Most relief pitchers are either power pitchers or inside-out guys, because they usually don’t have the luxury of nibbling the corners of the plate. Mariano Rivera is the classic example. The ball starts at the barrel of the bat but hits the handle. Hitters have to swing, because the ball never really leaves the strike zone.
The third type of pitcher is the Cliff Lee type. They challenge hitters from outside the strike zone in. They throw fastballs on the edge of the plate, back door cutters and sliders, looping curves. They try to get hitters to chase balls out of the strike zone and freeze them on pitches that come in from the edges. These guys get killed by umpiring like we have been seeing. If a hitter knows that the strike zone is tiny and that they are not going to get called strikes at the edges, then if they are disciplined, they just don’t swing. As a team, they will accept the occasional called third strike knowing that more than likely the count will slowly move back to their favor if they just lay off anything on the edges.
The flip side is that when they know the count is in their favor, they know almost exactly where the ball is going to be. They may not know what pitch is coming, but if the strike zone is tiny they can plan to have the barrel of their bat in that tiny zone and know that the ball is going to have to move into that zone. Guys like Lee don’t throw heat down the middle and they are’t used to throwing their cutters and sliders to the middle of the plate hoping that they will move off. They don’t throw “heavy” balls and pitch to contact. At some point, after not getting calls on 1-2 and 0-2 counts, it just looked to me like Lee felt that he had no choice but to go against his nature, throw to the tiny strike zone, and hope the Cardinals didn’t hit it too hard. They did.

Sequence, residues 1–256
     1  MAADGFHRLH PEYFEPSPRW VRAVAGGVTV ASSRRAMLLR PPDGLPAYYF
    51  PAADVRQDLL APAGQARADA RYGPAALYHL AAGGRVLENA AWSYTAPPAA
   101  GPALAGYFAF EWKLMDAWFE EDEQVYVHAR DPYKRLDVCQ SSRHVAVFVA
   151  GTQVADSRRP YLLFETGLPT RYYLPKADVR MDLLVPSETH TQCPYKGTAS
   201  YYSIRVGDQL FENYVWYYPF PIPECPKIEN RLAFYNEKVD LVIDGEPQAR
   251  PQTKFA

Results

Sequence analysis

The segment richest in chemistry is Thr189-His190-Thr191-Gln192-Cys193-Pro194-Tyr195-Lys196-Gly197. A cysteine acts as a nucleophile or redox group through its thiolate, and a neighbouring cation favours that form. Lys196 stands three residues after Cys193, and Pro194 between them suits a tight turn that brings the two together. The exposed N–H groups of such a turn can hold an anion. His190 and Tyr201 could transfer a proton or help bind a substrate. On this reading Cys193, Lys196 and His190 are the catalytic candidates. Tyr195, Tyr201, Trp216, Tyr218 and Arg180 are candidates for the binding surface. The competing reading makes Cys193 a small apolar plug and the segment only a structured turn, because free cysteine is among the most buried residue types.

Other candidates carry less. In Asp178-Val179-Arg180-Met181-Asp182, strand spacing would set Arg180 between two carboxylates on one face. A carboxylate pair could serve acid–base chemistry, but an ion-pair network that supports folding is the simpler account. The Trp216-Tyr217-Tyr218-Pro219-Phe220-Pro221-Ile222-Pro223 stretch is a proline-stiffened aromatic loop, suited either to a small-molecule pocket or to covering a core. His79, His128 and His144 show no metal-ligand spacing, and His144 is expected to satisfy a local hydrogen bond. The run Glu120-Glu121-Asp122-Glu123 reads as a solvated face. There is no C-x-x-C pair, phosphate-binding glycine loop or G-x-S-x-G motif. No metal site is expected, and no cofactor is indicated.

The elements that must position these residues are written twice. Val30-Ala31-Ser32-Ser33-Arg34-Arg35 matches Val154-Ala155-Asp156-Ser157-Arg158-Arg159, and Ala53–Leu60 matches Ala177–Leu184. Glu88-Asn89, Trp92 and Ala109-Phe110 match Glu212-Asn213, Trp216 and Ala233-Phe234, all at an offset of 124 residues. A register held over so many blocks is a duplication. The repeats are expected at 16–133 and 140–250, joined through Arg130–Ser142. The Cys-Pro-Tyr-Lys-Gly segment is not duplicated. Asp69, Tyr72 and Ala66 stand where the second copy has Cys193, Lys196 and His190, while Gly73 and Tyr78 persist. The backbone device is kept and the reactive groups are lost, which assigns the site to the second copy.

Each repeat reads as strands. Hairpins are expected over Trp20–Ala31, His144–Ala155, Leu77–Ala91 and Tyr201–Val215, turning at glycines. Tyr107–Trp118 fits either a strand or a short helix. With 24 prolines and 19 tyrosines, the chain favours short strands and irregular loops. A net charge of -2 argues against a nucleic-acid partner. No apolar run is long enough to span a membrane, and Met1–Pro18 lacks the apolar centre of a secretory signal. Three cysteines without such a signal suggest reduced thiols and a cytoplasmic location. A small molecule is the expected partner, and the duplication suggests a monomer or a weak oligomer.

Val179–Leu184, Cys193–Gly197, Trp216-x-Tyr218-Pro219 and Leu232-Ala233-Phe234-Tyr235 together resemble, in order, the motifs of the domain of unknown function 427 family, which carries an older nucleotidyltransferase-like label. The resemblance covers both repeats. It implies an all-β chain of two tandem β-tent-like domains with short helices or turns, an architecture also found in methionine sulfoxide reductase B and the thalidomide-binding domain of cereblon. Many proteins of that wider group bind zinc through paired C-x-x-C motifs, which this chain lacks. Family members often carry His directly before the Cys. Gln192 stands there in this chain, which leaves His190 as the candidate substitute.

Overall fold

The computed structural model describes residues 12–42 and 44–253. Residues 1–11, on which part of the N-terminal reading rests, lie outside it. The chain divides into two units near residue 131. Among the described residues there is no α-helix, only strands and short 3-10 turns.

Now back to the Phillies hitters. They are totally undisciplined at the plate. Even though the umpiring was forcing the pitchers to narrow their strike zone, the Phillies didn’t let that happen. They were swinging at balls on the edges, sliders and curve balls that were tailing away, and high fastballs that their own pitchers weren’t getting calls on. They struck out, popped out, hit easy fly balls, and weak ground balls to the middle infielders. and they couldn’t score runs in a postseason where everyone has been scoring. The opposing pitchers threw far less pitches than the Phillies pitchers, and they didn’t even force the Cardinals bullpen to throw strikes. Ultimately, they lost because they couldn’t score, not because their pitching wasn’t good enough.
Baseball wants a small strike zone in the postseason because they want offense. The umpiring stinks, and that’s why the Phillies lost. Just don’t blame Cliff Lee for the whole thing!